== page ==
To me, the real significance is in the moment, in the choices I made when I learned that I wouldn’t be meeting Master Ni. In that moment, I could have chosen to remain disappointed or get angry, leave the retreat or skip breakfast. I could have been so caught up in my emotions that I didn’t notice Gregg, or listen to him, or caused him to be disinterested in me.

Because I chose to wonder how I could gain something valuable and meaningful from the retreat to help me be of service to the world, I met the man who helped me to do just that.

I have the opportunity for significance all day long every day. As “stuff” happens, I always have the opportunity to choose who I wish to become and what I wish to create in this world.

I have the power to choose significance.

How can you choose significance today?

For more on this, read or listen to the Forward Thinking™ Reminder, Choosing Intentions.

P.S.  Gregg Simmons, it is my honor and joy to have been your best friend, lover, confidante, teacher, student and fellow adventurer.  Thank you for introducing me to carrot cake. I am enjoying a piece as I write this and I raise my plate to you!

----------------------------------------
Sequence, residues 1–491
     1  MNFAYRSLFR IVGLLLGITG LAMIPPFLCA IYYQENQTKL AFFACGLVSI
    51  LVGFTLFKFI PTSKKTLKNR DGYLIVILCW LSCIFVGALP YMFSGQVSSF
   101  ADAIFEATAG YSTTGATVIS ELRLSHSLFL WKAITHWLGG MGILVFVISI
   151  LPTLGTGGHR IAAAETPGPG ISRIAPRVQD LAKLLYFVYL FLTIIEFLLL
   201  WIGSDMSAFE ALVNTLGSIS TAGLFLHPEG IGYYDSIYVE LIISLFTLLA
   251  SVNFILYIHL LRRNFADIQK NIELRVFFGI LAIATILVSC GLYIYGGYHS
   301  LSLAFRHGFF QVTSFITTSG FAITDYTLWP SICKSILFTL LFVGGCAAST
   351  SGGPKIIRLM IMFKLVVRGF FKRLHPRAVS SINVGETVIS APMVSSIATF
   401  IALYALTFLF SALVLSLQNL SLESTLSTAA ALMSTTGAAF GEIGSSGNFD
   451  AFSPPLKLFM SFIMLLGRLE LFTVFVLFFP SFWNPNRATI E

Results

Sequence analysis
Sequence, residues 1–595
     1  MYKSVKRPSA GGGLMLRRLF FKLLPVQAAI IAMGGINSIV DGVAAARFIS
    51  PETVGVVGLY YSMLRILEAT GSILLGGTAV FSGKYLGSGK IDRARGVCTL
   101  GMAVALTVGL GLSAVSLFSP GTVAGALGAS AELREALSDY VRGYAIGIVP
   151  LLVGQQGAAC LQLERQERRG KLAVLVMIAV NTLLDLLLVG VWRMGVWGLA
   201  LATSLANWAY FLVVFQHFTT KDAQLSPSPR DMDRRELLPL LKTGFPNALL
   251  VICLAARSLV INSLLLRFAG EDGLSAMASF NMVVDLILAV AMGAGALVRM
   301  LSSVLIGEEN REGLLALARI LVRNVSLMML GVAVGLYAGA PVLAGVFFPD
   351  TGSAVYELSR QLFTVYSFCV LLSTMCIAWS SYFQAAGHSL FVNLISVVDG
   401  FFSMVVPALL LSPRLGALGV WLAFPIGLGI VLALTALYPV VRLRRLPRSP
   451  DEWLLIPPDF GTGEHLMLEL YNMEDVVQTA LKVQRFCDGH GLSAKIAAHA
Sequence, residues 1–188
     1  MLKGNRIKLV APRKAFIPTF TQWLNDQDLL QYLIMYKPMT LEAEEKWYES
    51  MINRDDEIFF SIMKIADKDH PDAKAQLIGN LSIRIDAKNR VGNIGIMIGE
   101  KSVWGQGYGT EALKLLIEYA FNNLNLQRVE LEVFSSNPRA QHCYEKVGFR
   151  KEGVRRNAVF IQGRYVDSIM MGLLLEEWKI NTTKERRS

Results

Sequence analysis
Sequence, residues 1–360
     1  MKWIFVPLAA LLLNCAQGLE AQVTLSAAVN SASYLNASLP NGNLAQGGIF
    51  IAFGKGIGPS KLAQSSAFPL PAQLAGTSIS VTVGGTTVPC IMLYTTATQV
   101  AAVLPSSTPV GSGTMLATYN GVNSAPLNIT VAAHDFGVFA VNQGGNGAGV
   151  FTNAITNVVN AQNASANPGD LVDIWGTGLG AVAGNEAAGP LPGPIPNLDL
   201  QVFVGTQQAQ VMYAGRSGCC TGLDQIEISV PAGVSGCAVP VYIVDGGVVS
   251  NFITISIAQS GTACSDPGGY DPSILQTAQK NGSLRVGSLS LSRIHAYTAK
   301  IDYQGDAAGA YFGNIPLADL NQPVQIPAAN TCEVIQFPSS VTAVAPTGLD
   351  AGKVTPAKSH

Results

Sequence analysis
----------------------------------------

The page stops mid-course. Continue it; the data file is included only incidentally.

© 2011 Mary J. Lore and Managing Thought LLC All rights reserved.

Transforming Guilt


Transforming Guilt by Mary J. LoreToday is the 64th wedding anniversary of my parents. It’s also been two months since my dad made one of the most difficult decisions of his life. Recovering from his third stroke in six months, he decided to move from my parents’ new independent living apartment, to a small apartment, and move my mom to a home that specializes in care for those with dementia. This blog is seventh in a series on my parents’ recent move from their home of forty years and handling big changes in their lives.

When a counselor asked my dad how he was doing, he said that he felt the best he has felt in years. Then he added, “There are times I feel guilty.  When I’m enjoying myself, I feel guilty.  I think about my wife being alone, wondering why we’re not living together, feeling abandoned, thinking she’s been put away.”

The counselor said, “You shouldn’t feel guilty.” She went on to describe how well mom is doing, how well she is cared for and how much fun she’s having dancing and participating in activities. She then told my dad that he needed to take care of himself and finished with, “You shouldn’t feel guilty.”

Of course, after the first, “You shouldn’t feel guilty,” all that my dad heard was, “Blah, blah, blah, blah, blah.” And after the second, “You shouldn’t feel guilty,” his brain was busy delivering to him his entire archive of thoughts and feelings of guilt and now he really felt guilty!

I later explained to my dad that guilt is a fight, flight, and freeze thought that his brain is delivering to him because something is happening that is different from what he hopes or expects or believes or has concluded from past experiences.